Investors shrug off $8.9bn fine
The $8.9 billion fine imposed on French bank BNP Paribas for violating sanctions against Sudan and other countries was unprecedented, but investors were nonplussed, shares rising 4 per cent.
Yes, shares had fallen 16 per cent in preceding months, but the fine is less penal than it appears. Shareholders can expect the same dividend as last year, while BNP’s core tier-one capital ratio is largely unchanged.
BNP concealed more than $190 billion in transactions over a 10-year period.
It did so even though its own compliance department had warned about working with the Sudanese government, which “has hosted Osama Bin Laden and refuses the United Nations intervention in Darfur”.
And yet the fine is very manageable and no one is being prosecuted.
Clients might pull their business, of course, hurting the bank. However, given BNP trades on a higher earnings multiple than many European peers, investors obviously think that’s unlikely.
Is bull market too reliant on buybacks?
Hedge funds, international investors, company insiders and investment institutions are all selling US stocks. So why are indices hitting all-time highs?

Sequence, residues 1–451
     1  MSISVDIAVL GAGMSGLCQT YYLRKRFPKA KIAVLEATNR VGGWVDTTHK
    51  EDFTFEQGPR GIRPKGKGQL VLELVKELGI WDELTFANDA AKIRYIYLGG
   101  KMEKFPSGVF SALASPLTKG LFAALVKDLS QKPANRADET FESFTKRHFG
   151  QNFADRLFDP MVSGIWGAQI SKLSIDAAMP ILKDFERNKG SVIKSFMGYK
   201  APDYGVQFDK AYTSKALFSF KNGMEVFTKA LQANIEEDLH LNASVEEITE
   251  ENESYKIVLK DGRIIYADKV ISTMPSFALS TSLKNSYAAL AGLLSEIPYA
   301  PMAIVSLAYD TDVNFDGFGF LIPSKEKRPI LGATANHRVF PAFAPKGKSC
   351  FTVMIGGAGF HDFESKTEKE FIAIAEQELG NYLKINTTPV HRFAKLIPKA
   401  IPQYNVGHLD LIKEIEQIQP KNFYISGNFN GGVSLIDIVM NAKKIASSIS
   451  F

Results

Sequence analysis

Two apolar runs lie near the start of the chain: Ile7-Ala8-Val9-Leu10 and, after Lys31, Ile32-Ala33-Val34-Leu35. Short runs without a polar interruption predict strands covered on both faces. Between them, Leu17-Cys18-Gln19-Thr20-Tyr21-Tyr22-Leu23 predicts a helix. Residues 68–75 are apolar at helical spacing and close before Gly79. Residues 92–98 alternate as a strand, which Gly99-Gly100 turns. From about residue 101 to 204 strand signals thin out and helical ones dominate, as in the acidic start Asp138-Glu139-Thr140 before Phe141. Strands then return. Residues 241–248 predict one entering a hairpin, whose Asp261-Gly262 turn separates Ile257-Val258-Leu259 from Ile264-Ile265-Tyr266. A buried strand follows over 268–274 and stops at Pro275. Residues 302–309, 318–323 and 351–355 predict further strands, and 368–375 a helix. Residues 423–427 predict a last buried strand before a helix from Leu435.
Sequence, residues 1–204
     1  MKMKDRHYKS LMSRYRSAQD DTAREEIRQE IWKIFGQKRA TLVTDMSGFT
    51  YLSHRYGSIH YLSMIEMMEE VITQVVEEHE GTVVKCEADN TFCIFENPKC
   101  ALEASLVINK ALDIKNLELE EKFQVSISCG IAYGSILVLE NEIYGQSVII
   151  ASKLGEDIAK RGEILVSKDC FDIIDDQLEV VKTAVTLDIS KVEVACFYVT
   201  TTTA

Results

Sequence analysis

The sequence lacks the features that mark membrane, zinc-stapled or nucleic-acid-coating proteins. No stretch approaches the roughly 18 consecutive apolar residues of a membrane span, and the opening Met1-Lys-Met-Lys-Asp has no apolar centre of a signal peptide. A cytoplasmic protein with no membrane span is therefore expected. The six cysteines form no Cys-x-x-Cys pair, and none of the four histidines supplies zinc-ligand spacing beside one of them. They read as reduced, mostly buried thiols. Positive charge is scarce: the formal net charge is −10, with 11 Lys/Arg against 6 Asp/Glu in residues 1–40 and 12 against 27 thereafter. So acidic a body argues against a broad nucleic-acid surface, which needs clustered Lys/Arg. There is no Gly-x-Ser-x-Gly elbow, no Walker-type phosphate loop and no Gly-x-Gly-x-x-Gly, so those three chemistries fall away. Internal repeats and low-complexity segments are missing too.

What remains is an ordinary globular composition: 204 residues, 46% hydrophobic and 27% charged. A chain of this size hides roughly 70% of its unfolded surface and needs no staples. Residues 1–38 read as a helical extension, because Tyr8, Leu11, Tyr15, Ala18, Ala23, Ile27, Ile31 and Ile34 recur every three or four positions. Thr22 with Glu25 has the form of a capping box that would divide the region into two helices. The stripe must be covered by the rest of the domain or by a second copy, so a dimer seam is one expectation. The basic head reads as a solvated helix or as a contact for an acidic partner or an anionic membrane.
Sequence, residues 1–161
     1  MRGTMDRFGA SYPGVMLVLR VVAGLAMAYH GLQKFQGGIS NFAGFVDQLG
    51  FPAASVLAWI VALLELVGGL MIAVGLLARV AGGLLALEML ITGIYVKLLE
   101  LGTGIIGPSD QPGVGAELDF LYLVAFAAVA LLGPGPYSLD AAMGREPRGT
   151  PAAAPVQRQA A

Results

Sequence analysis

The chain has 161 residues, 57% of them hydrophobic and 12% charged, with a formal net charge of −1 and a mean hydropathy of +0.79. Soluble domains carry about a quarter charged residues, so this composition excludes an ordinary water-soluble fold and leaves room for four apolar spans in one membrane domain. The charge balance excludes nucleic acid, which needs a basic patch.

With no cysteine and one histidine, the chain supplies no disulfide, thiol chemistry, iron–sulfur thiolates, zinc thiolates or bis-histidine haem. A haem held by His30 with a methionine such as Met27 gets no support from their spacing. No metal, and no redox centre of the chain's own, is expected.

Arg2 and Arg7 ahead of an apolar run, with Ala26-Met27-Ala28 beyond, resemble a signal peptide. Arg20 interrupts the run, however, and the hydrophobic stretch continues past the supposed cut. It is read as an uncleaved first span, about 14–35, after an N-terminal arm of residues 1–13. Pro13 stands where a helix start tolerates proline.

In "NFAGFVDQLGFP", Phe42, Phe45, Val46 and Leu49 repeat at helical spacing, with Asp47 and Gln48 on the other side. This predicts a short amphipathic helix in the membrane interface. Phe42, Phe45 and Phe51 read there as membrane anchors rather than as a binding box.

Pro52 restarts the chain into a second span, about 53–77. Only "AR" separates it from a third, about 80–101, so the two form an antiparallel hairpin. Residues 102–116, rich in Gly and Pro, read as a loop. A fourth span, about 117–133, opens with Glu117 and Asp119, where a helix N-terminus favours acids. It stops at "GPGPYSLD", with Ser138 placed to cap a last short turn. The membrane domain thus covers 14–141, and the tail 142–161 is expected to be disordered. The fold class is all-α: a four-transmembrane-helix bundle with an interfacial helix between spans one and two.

Ordinary investors are buying, but the main source of purchasing power is companies buying back their own shares, says an LPL Financial report. Buybacks support share prices and artificially boost earnings per share (EPS) figures – it is estimated buybacks were responsible for half of the increase in first-quarter EPS.
However, they make more sense if shares are undervalued; critics see it as wasteful if companies are buying overvalued shares in a five-year-old bull market.
Research outfit TrimTabs suggests companies are becoming wary, with money spent on buybacks in the second quarter ($92.7 billion) the lowest number in seven quarters. In June, the number of buyback announcement plans hit its lowest level in three years.
With buybacks appearing to have been the main driver of share price gains, there is an obvious danger this ageing bull market will run out of steam if executives finally decide to rein in their spending.
Russia tempts bargain hunters
The trading opportunity in Russia has passed, with the Micex reclaiming all its Ukraine-induced losses following a 20 per cent three-month gain. To long-term contrarian investors, however, Russia remains an obvious bargain.
The Russian opportunity “is amongst the best I’ve encountered in the roughly one-third century that I’ve been fortunate enough to be in this business”, fund manager David Iben enthuses in his latest client letter.
Yes, investors face organised crime, corruption and powerful billionaire oligarchs, he admits, but the Russian market trades on five times earnings and 0.6 times book value.